Finally, use common sense. Do not use sealants when there is moisture or frost on the surfaces. Find out the temperature range for application of the sealant you've chosen (read the package instructions). If you don't find the answer in reading the instructions that come with your sealant, gasket, or tape, consult with the manufacturer about the selection and use of cleaners, primers, proper substrates, and compatibility problems.
Glass coatings, plastic glazings, and oily woods (e.g. redwood) can present sealant problems and lead to leaks and window failures. Prepare a sealant test sample. If the fully-cured sealant peels easily off of the substrate the bond may be poor and the joint is more likely to fail. For more information about the interaction between silicone sealants and window setting blocks, see Identification of Silicone Oil/PETN Interaction.
Other than cost and thermal performance, the major issues in the choice of glass are breakage (glass safety in skylights, doors, and in windows located on stair landings), and the integrity of the hermetic seal between lites of multple-pane double-glazed or triple-glazed windows.
Most window manufacturers will not guarantee their units for overhead use unless the inboard lite (pane of glass) is laminated like auto safety glass. These units are quite expensive.
Tempered glass is least prone to mechanical and thermal breakage, followed by heat-strengthened glass, then annealed glass. Tempered glass tends to break into small (rectangular) fragments when broken. These particles, while dangerous, are less so than large pointed glass shards produced when other types of glass fracture.
Plastic films applied to the inboard lite are considered by some to increase safety. Surface scratches and edge nicks severely weaken any glass - inspect for these before you install any window, especially windows in locations where safety is an extra concern.
Our closeup photo of the down-roof corner of a leaky skylight (left) shows what is probably a double failure. Leaks at the insulated-glass frame permitted water to enter the window structure where the freeze-thaw climate at this New York home continued to damage the window by forcing apart and losing the seal of the insulated glass itself.
That's why you can see condensation stains inside of the insulated glass unit as well as (a bit too late) someone's try at stopping leaks at this skylight using silicone caulk.
In sloped applications, hermetic window seals (between panes of glass in a multi-glazed window) are only guaranteed on a case by case basis. While a variety of single and double-sealed, even triple-sealed glass units are available, the best choice for sloped glazing such as skylights has a polyisobutylene inner seal for moisture protection and a silicone outer seal for strength.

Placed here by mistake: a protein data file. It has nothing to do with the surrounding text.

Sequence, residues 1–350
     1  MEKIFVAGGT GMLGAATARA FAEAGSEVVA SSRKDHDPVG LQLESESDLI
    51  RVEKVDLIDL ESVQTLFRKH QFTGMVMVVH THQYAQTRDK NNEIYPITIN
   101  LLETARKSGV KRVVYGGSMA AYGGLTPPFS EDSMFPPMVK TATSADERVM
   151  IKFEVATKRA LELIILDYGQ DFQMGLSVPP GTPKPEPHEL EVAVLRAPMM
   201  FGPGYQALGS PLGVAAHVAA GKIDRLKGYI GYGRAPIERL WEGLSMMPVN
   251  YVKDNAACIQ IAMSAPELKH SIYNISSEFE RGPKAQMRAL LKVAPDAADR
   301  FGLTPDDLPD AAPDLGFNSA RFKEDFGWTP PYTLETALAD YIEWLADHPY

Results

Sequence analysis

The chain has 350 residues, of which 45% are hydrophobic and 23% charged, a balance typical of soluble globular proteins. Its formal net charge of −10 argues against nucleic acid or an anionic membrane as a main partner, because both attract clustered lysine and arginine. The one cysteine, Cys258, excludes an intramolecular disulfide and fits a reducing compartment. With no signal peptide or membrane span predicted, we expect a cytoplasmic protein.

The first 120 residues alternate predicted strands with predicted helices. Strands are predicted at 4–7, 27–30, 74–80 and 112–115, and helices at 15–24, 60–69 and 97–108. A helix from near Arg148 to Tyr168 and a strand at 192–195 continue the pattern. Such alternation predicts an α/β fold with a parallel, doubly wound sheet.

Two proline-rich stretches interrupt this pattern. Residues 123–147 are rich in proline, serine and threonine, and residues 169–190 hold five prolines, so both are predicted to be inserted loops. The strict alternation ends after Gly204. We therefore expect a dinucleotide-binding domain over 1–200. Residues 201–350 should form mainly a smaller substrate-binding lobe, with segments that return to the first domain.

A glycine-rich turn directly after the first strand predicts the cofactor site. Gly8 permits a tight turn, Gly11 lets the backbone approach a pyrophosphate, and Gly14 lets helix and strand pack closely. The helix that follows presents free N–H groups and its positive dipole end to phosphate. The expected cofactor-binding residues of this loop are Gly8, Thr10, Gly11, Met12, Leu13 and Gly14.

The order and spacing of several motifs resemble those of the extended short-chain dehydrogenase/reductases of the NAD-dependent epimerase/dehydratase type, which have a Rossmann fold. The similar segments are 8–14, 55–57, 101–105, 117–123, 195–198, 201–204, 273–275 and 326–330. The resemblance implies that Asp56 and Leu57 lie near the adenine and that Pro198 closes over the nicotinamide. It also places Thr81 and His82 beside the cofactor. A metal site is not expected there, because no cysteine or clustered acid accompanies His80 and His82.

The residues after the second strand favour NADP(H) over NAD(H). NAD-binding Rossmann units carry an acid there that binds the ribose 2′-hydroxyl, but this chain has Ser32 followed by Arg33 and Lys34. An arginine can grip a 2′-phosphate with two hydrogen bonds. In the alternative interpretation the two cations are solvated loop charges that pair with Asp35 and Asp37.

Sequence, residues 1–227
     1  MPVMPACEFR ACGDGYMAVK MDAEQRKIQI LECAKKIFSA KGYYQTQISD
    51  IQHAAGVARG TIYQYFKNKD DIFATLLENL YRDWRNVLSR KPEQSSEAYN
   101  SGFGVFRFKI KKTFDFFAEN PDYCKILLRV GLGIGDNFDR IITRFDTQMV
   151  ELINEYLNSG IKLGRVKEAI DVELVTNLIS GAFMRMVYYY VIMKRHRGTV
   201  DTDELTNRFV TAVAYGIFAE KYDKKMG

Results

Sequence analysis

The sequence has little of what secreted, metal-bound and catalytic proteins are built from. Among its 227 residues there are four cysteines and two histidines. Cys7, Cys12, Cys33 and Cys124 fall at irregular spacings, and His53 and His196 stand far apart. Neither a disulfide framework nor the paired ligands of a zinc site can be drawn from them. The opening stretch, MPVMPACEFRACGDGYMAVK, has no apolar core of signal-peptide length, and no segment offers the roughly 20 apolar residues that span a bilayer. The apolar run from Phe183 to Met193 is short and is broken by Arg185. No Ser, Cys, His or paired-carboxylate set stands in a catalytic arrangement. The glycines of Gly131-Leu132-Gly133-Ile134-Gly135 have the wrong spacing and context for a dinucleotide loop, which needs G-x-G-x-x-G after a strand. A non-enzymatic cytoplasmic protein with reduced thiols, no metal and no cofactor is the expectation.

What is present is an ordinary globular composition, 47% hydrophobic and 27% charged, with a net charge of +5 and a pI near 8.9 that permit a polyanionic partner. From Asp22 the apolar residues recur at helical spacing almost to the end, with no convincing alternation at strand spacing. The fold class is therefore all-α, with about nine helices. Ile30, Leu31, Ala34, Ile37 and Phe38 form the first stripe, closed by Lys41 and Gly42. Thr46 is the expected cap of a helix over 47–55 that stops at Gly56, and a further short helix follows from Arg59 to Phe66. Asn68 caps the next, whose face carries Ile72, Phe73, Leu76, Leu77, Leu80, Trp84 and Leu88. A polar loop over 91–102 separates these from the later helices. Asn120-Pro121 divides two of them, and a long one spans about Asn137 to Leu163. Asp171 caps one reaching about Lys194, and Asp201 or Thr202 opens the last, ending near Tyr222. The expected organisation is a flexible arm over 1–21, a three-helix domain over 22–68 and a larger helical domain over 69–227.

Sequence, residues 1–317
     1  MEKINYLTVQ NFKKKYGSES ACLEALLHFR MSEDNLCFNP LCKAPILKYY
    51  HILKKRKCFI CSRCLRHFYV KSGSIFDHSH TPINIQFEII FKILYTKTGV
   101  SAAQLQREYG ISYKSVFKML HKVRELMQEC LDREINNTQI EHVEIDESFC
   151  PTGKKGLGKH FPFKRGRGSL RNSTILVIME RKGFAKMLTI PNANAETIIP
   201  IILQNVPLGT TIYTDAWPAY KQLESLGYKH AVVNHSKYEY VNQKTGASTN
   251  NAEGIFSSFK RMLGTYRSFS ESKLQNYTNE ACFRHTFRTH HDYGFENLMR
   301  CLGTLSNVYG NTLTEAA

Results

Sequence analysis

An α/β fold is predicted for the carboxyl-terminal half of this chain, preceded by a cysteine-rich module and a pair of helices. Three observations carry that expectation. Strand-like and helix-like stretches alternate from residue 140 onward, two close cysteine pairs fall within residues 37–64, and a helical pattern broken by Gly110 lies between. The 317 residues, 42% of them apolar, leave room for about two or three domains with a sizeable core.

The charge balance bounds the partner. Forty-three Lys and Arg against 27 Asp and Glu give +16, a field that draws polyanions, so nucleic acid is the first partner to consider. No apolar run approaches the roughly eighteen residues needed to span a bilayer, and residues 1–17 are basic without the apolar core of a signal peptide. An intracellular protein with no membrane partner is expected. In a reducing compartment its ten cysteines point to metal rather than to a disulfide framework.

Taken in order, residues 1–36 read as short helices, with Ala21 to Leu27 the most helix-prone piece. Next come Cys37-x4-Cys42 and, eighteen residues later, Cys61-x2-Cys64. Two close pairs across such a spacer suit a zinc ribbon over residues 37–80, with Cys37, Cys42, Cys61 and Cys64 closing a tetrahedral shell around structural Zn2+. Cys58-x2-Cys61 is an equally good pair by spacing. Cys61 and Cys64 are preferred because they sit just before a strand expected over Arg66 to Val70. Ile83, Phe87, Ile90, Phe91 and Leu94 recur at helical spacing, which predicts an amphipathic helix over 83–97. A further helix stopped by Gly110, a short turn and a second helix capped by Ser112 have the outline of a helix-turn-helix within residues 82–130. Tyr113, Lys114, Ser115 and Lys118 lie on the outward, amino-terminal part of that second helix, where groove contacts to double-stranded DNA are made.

Polysulfide window glass seals are not recommended where high UV exposure is anticipated.
Single-sealed units are likely to fail over time with the increased live and dead loads in sloped window installations.
Also called Structural Silicone Glazing, stopless window glazing is an attractive and conceptually simple window system that has gained in popularity in large-scale curtain wall construction since the mid 1980's. Stopless window glazing uses no mechanical stops or battens.The window is flush with the building surface, creating a smooth, clean wall.
In structural window glazing (stopless glazing) a high-modulus (elasticity) silicone is used to bond the glass units directly to a metal frame. This system must be designed by an architect or engineer, and it requires meticulous workmanship for a successful installation. Details are available from the Silicone Products Division of G.E. and from Tremco.
For advice on finding and curing the cause of leaks at existing skylights and other sloped glazing, see SKYLIGHT LEAK DIAGNOSIS & REPAIR.
Here we include solar energy, solar heating, solar hot water, and related building energy efficiency improvement articles reprinted/adapted/excerpted with permission from Solar Age Magazine - editor Steven Bliss.
Original article in PDF form
- links to the original article in PDF form immediately below are followed by an expanded/updated online version of this article.
Frequently Asked Questions (FAQs)
Questions & answers or comments about installing and repairing sloped glazing on buildings: skylights, passive solar roofs and walls, greenhouses
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Technical Reviewers & References